The wall 26 extends circumferentially about the working medium flow path in close proximity to the rotor blades 22 to outwardly bound the working medium flow path. The wall includes an outer air seal 32 which extends circumferentially about the rotor blades 22. The outer air seal is formed of an array of arcuate seal segments, as represented by the single seal segment 34, which extends circumferentially about the array of rotor blades. An upstream support 36 and a downstream support 38 extend inwardly from the engine case 24 to support and position the outer air seal in close proximity to the array of rotor blades. Each of these supports may be segmented to reduce the hoop strength of the supports.
The wall 26 includes an array of stator vanes, as represented by the single stator vane 42, which extends inwardly across the working medium flow path 14. The array of stator vanes is adjacent to the outer air seal and is spaced from the outer air seal to leave a region 44 therebetween which is radially outwardly of the working medium flow path. An annular spring seal 45 extends between the upstream support 36 for the outer air seal and the array of stator vanes to block the leakage of cooling air from the primary flow path for cooling air 28.
Each stator vane 42 has a platform 46, one or more airfoils 48 which extend radially inwardly across the working medium flow path, and a shroud 52 which is fixed to the airfoil. The shroud 52 has a knife edge seal 53 which extends radially inwardly into close proximity with the rotor blades to block the leakage of working medium gases from the working medium flow path.
The stator assembly further includes a means for supporting the array of stator vanes, such as the inner support 54 and the outer support 56. The inner support is attached through an intermediate member and other members (not shown) to the engine case 24. The inner support is spaced inwardly from the combustion section and extends circumferentially with respect to the combustion section to define an inner flow path for cooling air 60. The inner support includes an annular plate 62 which extends circumferentially about the working medium flow path 14. The inner plate has a radially extending surface 64 which faces in the upstream direction and adapts the support to engage the stator vane 42.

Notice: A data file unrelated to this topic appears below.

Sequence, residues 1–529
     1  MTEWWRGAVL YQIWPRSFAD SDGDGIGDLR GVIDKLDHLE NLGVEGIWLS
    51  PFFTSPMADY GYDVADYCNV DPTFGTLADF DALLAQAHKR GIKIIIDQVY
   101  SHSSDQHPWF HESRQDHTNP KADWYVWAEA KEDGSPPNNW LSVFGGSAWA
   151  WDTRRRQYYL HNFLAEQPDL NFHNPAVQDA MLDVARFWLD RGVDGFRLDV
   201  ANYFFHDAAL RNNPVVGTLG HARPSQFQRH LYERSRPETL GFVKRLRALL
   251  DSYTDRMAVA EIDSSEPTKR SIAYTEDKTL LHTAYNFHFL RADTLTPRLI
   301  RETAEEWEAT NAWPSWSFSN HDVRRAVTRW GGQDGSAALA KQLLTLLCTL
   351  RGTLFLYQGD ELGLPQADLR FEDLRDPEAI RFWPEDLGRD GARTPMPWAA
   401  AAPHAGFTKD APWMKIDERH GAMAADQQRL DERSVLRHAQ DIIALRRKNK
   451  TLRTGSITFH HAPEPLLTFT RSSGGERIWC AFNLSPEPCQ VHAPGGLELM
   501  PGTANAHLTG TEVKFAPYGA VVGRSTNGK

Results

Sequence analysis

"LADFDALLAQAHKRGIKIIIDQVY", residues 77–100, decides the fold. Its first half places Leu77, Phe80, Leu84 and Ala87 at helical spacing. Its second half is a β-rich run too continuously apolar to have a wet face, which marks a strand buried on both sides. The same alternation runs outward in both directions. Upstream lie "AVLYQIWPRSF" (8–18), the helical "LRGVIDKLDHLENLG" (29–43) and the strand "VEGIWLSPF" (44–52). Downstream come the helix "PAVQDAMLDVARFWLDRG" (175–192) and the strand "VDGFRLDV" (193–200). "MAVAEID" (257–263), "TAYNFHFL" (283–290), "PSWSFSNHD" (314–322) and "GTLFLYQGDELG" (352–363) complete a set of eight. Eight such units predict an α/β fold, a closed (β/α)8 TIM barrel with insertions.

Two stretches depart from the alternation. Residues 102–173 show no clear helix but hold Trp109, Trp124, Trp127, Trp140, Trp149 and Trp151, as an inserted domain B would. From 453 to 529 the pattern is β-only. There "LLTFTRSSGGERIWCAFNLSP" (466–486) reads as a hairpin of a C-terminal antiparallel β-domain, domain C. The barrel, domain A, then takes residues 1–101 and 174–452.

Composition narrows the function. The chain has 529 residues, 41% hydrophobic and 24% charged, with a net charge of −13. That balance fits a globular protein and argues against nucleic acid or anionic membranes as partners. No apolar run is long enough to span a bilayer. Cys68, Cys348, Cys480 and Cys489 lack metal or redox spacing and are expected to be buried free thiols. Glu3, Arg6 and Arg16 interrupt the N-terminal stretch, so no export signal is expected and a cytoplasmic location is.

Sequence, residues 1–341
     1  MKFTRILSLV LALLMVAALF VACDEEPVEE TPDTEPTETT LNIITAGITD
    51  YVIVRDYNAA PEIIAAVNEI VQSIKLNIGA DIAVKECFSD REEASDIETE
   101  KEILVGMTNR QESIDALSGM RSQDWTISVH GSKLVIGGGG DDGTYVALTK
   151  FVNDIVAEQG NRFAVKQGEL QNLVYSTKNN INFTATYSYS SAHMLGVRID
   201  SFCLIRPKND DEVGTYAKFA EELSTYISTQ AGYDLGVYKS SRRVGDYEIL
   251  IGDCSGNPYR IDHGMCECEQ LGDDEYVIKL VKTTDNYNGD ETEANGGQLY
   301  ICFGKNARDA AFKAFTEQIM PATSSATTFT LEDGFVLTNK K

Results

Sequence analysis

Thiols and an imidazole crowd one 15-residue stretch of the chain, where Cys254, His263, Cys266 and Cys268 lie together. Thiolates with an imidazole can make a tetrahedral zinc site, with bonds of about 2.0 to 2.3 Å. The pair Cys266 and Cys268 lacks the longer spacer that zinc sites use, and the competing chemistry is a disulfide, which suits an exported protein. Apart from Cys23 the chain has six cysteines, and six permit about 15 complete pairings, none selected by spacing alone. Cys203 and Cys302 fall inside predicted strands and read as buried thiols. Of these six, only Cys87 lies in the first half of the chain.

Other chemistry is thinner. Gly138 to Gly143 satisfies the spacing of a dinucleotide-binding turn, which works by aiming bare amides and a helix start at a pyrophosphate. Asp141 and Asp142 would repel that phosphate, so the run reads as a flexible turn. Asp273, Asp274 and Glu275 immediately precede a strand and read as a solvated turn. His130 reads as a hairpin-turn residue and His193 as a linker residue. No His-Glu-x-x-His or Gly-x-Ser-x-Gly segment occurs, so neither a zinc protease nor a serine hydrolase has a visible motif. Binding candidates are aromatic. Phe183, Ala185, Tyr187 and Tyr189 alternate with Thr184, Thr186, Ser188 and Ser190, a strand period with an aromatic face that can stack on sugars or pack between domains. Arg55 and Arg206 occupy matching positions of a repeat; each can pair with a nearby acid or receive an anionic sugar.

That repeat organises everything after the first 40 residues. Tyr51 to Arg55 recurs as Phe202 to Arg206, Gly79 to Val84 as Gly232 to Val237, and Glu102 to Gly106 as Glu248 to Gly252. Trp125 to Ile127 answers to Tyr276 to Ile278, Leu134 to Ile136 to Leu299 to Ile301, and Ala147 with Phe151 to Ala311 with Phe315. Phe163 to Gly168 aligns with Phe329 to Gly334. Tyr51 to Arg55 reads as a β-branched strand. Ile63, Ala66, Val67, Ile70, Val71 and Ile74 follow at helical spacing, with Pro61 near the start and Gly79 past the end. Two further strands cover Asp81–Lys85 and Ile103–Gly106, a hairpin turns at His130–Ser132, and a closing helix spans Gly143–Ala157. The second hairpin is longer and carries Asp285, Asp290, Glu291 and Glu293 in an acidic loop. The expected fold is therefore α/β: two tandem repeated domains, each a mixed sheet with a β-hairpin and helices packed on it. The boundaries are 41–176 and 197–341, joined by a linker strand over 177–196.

The outer support 56 is annular and has an annular flange 66, a cylindrical section 68, and a frustoconical section 72. These sections are integral with each other and form an integral construction. The integral construction results from the one piece construction of the outer support. Alternatively it might result from a design of the support that causes the support to act as a single piece.
The outer support 56 extends axially and radially inwardly from the engine case 24 to divide the primary flow path for cooling air into a high pressure region 74 having cooling air at a static pressure and a low pressure region 76 having cooling air at a lesser static pressure. A plurality of metering holes 78a and 78b place the high pressure region in flow communication with the low pressure region. The annular support is adapted by a first surface 80 to bound the high pressure region formed by the upstream portion of the primary flow path for cooling air and by a second surface 82 to bound the adjacent low pressure region formed by the downstream portion of the primary flow path for cooling air.
The annular outer support 56 supports the stator vanes 42 in cantilevered fashion from the engine case. The outer support has an annular groove 84 which faces inwardly. The groove is bounded by a pair of radially extending surfaces 86 and 88 which are spaced one from the other and an axially extending surface 92. The upstream radial surface 86 faces downstream, the downsteam radial surface 88 faces upstream, and the axially extending surface 92 faces radially inwardly. A plurality of orifices 94 extend through the support to place the annular groove in flow communication with the low pressure region 76.